Blast Loadings - Industrial Buildings.

This section deals only with blast loadings from industrial processes and not with any generalized design requirements to survive blast loadings from unspecified sources or of unspecified values.

Varying requirements exist for blast loadings. Typical examples are:

(1) transformers, where the requirement is usually to deflect any blast away from other vulnerable pieces of plant but where frequently one or more walls and the roof are open, serving to dissipate much of the energy discharged
(2) dust or fine particle enclosures, which are often wholly inside enclosed  buildings.

The decisions to be made are as follows.

(1) Can the potential source of the blast be relocated outside the building  altogether, in a separate enclosure?
(2) If not, can it be placed against the external wall with arrangements to have a major permanent vented area or a specially designed blow-off panel, both of which will limit loadings on the remaining structure?
(3) Where the location cannot be controlled, it must be established which direction or directions require full protection against damage and which  can tolerate certain degrees of damage.

Loading data given by plant designers are usually stated in terms of peak pres- sures to be applied to projected areas in line with the potential source of the blast.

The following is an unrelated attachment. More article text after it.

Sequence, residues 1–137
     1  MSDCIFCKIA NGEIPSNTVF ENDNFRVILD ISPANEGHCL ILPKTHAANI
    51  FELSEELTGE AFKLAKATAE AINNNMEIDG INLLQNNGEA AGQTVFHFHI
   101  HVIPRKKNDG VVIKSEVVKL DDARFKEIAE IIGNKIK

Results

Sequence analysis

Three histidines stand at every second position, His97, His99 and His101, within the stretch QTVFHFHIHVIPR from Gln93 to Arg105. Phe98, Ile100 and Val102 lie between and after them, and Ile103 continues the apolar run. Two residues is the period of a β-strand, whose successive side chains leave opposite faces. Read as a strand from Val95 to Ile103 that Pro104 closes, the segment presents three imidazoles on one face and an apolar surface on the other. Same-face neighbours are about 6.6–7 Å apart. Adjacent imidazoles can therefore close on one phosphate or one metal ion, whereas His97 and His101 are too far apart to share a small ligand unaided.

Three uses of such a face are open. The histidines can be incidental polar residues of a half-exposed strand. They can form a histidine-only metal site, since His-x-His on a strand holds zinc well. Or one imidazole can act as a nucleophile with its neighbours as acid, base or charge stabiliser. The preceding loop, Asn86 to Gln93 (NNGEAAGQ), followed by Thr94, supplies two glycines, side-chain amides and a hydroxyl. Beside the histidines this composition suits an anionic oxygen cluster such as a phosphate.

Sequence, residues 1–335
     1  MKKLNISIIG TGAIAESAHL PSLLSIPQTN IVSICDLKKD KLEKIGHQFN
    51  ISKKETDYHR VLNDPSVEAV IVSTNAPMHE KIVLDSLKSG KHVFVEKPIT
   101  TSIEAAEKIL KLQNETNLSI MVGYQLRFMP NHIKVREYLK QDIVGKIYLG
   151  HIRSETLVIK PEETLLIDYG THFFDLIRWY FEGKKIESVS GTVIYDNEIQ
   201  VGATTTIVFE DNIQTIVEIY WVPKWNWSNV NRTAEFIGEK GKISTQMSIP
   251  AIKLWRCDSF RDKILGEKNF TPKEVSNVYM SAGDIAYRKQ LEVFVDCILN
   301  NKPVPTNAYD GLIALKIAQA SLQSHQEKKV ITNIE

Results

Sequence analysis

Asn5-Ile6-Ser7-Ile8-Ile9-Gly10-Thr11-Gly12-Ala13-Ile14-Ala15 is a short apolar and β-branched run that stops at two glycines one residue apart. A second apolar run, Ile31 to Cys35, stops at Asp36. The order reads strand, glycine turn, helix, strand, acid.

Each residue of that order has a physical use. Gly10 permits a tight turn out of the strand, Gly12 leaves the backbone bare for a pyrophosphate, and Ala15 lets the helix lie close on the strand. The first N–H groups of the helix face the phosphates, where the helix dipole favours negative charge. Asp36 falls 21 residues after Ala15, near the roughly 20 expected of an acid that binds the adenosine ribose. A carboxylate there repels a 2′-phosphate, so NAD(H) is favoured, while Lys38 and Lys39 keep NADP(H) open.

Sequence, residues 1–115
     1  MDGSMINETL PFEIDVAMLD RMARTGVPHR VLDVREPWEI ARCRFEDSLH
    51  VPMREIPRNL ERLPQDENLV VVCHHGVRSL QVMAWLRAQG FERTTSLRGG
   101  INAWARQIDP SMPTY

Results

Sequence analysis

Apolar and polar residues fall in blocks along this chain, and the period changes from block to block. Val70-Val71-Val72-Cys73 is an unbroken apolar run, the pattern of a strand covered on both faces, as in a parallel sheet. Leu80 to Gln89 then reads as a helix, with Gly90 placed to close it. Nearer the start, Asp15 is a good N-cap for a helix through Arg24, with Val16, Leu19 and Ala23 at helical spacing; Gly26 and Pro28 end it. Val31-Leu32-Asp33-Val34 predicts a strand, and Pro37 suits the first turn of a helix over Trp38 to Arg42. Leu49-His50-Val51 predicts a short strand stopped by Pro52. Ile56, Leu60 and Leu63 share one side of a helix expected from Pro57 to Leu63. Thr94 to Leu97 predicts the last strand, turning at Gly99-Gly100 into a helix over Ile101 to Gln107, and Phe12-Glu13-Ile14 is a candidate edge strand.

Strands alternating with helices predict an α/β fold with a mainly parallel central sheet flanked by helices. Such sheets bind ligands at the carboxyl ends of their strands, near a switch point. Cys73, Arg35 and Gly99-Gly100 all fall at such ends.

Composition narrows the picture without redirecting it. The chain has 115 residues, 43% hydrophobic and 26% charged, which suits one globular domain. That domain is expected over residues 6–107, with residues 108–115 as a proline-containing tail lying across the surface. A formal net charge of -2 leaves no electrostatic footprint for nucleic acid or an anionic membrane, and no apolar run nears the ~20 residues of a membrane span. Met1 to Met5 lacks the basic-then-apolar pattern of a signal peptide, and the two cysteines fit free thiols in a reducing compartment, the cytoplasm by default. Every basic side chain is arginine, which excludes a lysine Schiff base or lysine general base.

The validity of the data must be treated as being highly suspect since blast loadings are classic examples of true dynamic loading where the time-dependent response of the structure actually determines the loading that is imposed. Quoted blast pressures, which are probably derived from theoretical considerations of high-rigidity high-mass targets fully enclosing the source, may be invalid for steel structures which have tremendous capacity to deform rapidly, absorbing energy and thereby reducing and smoothing out peak blast pressures. Whatever results are obtained from analysis or calculation, it is good practice to use a grade of steel which has good ductility, a lower yield stress from which to commence ductile behaviour and a long and reliable extensibility prior to fracture.While this will ensure reasonable material behaviour, overall ductility of the structure also depends on stability against premature buckling and the ductile behaviour of connections.

Steelwork designers should acknowledge the very imprecise nature of most blast loading data, even when the potential source of the blast is precisely located and specified. They should thus direct their attention to ensuring that collapse does  not occur until major deflections and rotations have occurred, following normal guidelines for achieving plastic behaviour.

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